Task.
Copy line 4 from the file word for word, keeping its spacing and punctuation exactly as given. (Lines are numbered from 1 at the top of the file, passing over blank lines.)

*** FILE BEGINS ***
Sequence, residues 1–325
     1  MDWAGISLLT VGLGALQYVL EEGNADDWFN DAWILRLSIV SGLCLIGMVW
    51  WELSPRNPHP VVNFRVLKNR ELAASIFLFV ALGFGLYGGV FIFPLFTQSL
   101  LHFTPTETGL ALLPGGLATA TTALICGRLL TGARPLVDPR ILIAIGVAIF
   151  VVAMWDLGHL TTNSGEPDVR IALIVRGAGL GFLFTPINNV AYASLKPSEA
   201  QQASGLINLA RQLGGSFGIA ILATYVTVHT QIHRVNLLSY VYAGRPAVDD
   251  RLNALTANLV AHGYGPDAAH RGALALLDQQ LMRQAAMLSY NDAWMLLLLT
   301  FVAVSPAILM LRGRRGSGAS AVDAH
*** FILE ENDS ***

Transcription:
   101  LHFTPTETGL ALLPGGLATA TTALICGRLL TGARPLVDPR ILIAIGVAIF